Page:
In late October, the Brazilian Ministry of Justice (the “Ministry”) issued its revised Draft Bill for the Protection of Personal Data (“Draft Bill”). The Ministry released its preliminary draft in January 2015, and the Centre for Information Policy Leadership at Hunton & Williams LLP (“CIPL”) filed public comments to the draft on May 5, 2015.
Key changes to the new Draft Bill include:
- adding “legitimate interest” as a basis for processing non-sensitive personal information;
- adding a risk-based approach by data controllers and processors in establishing “best practices standards”;
- broadening the definition of “consent”;
- adding consent as a basis for legitimizing cross-border transfers;
- requiring the application of data processing principles to public data;
- adding a chapter on personal data processing by public authorities;
- clarifying the competence of the Competent Public Body (a privacy authority); and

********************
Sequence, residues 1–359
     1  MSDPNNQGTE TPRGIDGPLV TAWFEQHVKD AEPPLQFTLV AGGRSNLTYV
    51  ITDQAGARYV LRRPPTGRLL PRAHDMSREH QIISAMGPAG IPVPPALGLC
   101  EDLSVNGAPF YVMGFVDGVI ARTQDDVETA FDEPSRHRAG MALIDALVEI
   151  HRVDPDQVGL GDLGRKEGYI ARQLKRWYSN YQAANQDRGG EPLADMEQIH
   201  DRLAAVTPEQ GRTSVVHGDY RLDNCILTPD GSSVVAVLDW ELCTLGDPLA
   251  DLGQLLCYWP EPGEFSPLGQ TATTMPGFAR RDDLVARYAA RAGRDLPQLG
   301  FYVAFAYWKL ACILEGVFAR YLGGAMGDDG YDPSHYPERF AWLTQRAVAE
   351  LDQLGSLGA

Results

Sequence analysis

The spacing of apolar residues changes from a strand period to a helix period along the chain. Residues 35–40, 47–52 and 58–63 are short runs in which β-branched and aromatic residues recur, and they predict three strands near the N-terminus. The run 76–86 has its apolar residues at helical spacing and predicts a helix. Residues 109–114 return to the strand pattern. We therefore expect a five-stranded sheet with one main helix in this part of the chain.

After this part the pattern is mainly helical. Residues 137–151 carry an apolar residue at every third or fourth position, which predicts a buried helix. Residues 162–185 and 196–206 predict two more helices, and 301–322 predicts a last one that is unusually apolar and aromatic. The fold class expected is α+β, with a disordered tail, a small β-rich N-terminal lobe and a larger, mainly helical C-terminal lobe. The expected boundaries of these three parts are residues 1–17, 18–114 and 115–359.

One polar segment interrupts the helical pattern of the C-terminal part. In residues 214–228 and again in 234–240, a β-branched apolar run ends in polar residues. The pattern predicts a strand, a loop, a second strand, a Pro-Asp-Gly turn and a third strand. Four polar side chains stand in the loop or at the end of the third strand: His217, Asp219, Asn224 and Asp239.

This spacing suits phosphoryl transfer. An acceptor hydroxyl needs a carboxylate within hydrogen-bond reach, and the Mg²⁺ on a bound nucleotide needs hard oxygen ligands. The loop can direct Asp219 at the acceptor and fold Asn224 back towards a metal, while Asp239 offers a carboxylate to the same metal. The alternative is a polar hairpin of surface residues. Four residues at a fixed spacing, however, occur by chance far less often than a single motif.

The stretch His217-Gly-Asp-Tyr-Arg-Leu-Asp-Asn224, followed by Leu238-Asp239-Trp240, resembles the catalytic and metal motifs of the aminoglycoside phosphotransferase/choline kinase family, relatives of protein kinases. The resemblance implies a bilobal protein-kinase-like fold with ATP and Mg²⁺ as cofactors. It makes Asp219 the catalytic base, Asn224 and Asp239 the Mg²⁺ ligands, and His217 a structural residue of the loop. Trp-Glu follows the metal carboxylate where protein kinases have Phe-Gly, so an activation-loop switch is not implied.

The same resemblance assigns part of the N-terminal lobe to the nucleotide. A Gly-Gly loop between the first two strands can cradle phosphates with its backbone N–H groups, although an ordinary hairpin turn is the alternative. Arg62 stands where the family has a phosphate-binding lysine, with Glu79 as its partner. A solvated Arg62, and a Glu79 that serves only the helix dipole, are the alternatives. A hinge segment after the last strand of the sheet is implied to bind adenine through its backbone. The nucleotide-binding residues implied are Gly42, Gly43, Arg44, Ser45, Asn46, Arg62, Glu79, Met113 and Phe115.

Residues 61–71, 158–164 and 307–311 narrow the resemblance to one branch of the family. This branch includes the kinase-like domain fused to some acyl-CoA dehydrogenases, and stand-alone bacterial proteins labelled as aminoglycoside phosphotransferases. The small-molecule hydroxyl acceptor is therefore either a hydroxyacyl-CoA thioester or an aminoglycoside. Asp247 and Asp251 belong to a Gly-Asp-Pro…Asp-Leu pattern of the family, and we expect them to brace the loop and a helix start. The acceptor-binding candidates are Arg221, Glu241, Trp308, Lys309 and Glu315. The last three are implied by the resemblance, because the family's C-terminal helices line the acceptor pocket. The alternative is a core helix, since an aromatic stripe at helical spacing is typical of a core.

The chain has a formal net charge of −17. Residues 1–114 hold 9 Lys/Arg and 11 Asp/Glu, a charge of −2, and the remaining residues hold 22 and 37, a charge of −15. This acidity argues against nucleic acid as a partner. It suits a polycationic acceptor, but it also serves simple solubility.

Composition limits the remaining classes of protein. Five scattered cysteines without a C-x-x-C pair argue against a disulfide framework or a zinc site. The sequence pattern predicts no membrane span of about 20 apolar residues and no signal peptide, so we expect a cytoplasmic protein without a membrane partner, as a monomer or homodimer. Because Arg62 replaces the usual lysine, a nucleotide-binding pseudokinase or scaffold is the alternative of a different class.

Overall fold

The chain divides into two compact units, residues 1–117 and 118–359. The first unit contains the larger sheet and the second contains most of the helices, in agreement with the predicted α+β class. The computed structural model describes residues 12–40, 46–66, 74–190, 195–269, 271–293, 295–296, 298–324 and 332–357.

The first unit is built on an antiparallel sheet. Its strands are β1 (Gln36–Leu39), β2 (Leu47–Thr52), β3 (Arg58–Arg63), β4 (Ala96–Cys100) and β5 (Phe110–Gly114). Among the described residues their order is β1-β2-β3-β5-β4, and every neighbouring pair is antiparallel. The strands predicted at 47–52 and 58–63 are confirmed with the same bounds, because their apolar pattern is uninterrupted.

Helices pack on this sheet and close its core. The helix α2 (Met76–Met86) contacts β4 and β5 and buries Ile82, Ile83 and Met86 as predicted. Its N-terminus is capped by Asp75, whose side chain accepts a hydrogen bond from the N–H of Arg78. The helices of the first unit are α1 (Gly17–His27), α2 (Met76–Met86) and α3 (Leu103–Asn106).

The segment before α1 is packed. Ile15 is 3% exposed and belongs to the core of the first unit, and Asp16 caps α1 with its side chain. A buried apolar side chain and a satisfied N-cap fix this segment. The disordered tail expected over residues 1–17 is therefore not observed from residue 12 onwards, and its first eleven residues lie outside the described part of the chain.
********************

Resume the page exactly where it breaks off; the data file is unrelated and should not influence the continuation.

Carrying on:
- creating a multistakeholder, National Counsel of the Protection of Personal Data, to assist the Competent Public Body.
A more detailed summary of the revised Draft Bill can be found in an article titled Main Innovations of the Newest Version of the Brazilian Draft Law on the Protection of Personal Data, written by Brazilian attorneys Renato Leite Monteiro, Cyber Law and International Law Professor at Mackenzie University School of Law, and Bruno Bioni, Researcher for The Public Policy for Access to Information Research Group at the University of São Paulo. The next steps for the Draft Bill include an evaluation by the Brazilian Office of the Presidential Chief of Staff, followed by an introduction to Congress.
In addition, there are two other privacy bills currently moving through the Brazilian Congress, one in the Chamber of Deputies and another in the Federal Senate. An updated version of the Senate bill (PLS 330) was released on October 13, 2015. The current rapporteur for this bill is Senator Aloysio Nunes Ferreira. An English translation is not yet available.
In order for the Draft Bill to move forward, it would have to be merged with, or supersede, these other two privacy bills.